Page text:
Baffinland critical of report that says shipping to blame for narwhal displacement

Narwhals in the Canadian Arctic in July 2017. A new report is raising fresh concerns about the impacts of shipping from Nunavut’s Mary River mine on narwhal, but Baffinland Iron Mines Corporation said it leaves out important information. (David Goldman/AP/The Canadian Press)

Report leaves out key information, says Baffinland spokesperson

A new report predicts there will be almost no narwhal left in an area off the northeastern coast of Baffin Island this summer and says shipping traffic from the nearby Mary River iron ore mine is to blame.

Working groups from the North Atlantic Marine Mammal Commission and Canada/Greenland Joint Commission on Beluga and Narwhal met in Denmark in December and published their report this week, which the mine’s operator says leaves out key information.

The report concludes that increased shipping traffic is “by far the most likely cause” of declining numbers of narwhal in Eclipse Sound, where they migrate from Baffin Bay each summer.

“Unless shipping is increasingly regulated, or narwhals adapt to the changes and reinhabit the abandoned areas, we may expect long-term population consequences that extend far beyond the currently observed lumping of narwhals,” it said.

It adds it is highly unlikely the whales will return as long as there is continued disturbance in the area and it is impossible to rule out a worst-case scenario where the displaced narwhal could go extinct within 100 years.

Community concerns 

Hunters in Pond Inlet, known as Mittimatalik in Inuktitut, have reported seeing fewer narwhal in areas where they were once abundant and the tusked whales’ behaviour is changing, harming their ability to harvest the animals they rely on for food, livelihoods and culture.

They, along with marine conservation charity Oceans North, have also said it’s due to increased shipping from the mine, which began operations in 2015.

“Narwhal moving out of the area where they have traditionally been hunted is devastating for Inuit and the ecosystem integrity of the region,” the Mittimatalik Hunters and Trappers Organization wrote in a submission to the Nunavut Impact Review Board.

Aerial surveys conducted for Baffinland Iron Mines Corp., which owns the Mary River mine, have shown a decline in the number of narwhal in Eclipse Sound. A survey in 2021 estimated there were 2,595 in the area, down from 5,019 in 2020. Fisheries and Oceans Canada estimated there were more than 12,000 narwhal in Eclipse Sound in 2016, and more than 20,000 in 2004.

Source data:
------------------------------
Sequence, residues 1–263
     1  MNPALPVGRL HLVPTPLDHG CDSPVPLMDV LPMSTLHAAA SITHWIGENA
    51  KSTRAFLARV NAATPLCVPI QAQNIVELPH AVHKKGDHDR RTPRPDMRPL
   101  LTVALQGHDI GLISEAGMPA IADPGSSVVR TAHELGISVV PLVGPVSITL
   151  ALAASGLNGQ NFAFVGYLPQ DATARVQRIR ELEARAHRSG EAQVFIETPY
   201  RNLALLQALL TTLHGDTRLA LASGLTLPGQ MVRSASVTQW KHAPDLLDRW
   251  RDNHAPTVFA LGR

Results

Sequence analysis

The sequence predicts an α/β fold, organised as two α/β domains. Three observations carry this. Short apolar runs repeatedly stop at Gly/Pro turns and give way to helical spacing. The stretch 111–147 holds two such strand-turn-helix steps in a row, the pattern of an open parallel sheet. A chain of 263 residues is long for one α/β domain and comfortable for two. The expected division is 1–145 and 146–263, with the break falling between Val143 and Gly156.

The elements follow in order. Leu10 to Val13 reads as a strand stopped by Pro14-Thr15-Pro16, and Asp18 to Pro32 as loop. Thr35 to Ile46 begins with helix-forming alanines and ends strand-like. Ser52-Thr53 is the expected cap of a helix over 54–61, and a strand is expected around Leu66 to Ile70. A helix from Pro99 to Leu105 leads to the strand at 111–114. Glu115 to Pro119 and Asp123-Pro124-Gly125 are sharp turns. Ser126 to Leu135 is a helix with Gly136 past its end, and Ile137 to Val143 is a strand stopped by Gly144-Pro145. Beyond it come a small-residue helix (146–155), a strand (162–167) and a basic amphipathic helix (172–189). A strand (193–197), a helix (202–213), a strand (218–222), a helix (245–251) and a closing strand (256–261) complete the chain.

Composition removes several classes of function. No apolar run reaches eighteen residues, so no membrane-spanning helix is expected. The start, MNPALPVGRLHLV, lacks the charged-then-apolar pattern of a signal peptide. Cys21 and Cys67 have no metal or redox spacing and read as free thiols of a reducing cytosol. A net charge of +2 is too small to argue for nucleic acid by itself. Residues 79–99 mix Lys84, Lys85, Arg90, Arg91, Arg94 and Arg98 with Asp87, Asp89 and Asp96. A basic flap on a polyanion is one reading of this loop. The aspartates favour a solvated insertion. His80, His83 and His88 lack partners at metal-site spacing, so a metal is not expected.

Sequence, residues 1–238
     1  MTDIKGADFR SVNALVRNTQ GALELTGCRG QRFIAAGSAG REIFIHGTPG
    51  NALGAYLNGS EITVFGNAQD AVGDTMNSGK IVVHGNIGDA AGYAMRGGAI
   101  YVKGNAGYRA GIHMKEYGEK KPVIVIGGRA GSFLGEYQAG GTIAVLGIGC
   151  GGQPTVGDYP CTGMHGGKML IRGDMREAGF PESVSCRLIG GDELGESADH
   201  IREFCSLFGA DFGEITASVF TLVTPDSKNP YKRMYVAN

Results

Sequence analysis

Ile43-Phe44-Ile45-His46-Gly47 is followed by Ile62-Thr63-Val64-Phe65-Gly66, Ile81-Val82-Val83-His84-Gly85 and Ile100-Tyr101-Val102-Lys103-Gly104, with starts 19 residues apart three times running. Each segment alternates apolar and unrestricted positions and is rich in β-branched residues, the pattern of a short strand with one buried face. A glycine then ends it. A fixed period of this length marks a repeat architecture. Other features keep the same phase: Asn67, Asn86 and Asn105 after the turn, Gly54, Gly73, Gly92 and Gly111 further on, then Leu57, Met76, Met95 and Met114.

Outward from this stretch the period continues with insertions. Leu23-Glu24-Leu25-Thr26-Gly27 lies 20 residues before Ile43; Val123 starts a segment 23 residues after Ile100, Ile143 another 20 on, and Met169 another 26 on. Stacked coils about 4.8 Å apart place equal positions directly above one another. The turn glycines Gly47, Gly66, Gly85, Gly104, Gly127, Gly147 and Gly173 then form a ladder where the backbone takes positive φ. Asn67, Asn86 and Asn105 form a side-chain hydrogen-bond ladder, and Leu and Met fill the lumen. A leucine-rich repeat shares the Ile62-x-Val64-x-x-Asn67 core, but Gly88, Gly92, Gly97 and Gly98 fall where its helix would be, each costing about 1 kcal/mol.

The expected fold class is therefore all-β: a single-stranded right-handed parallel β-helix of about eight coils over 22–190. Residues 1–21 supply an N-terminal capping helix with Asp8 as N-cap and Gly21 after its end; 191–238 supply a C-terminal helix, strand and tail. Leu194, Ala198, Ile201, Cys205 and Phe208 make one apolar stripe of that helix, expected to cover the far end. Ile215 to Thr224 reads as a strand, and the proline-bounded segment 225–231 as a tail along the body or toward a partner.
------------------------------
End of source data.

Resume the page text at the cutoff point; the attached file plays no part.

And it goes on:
Baffinland has said factors other than shipping may have led to the drop in numbers, including changing ice conditions and predator-prey dynamics, or natural migration to Admiralty Inlet, where the number of narwhal observed in the summer has increased.

A ship is loaded at Baffinland’s Milne Inlet port on North Baffin Island. (Baffinland Iron Mines Corp. )

But the report — which examined aerial surveys, results from a narwhal tagging program and a metapopulation model — concluded there’s no evidence to suggest the displacement of narwhal from Eclipse Sound was caused by climate change or predators like killer whales.

“It is concluded that increased ship traffic is by far the most likely cause for the huge — almost complete — population displacement of narwhals from Eclipse Sound,” the report states.

The report recommends further research, including continued aerial surveys, tagging studies and collecting tissue from harvested animals.

Baffinland said it was not made aware of the workshop or invited to share its research with the working groups, and questioned the report’s findings.

“Baffinland has conducted the most extensive research in the region,” spokesperson Peter Akman wrote in a statement.

Mitigation measures in place, says company

Akman said Baffinland’s monitoring program has shown the impact of passing ships on narwhal is localized and temporary. He added the company’s shipping activities peaked in 2019, when the abundance of narwhal was found to be stable compared to estimated numbers in 2013 and 2016.

Akman said the working groups failed to consider the effect of other activities like pile driving associated with a small craft harbour in Pond Inlet, which he said created intense, high-impact noise during the 2020 shipping season.

The company takes several mitigation measures to reduce potential impacts from shipping on marine mammals, he said. They include a speed limit of nine knots for vessels and using ship convoys to reduce underwater sound. The company also agreed to not use icebreakers the past two shipping seasons in response to concerns from Inuit.

“Baffinland’s marine monitoring program and marine-related mitigation measures are unparalleled in the industry,” Akman wrote.

He said the company will continue to work with the Hamlet of Pond Inlet, Mittimatalik Hunters and Trappers Organization, Qikiqtani Inuit Association, federal and Nunavut governments and non-government environmental organizations to finalize its adaptive management response plan for 2023.

Since 2018, roughly 6 million tonnes of iron ore have been extracted from the Mary River mine every year and transported by ships from Milne Inlet.

Federal ministers rejected Baffinland’s proposal to double annual production at the mine to 12 million tonnes of ore in November.

This story was produced with the financial assistance of the Meta-Canadian Press News Fellowship, which is not involved in the editorial process.

Related stories from around the North: 

Canada: Arctic Canadian community says oil moratorium renewal doesn’t go far enough, Eye on the Arctic

Russia: Profit drops for Nornickel in Arctic Russia, The Independent Barents Observer

Sweden: Will the green transition be the new economic motor in the Arctic?, Eye on the Arctic

Emily Blake, CBC News

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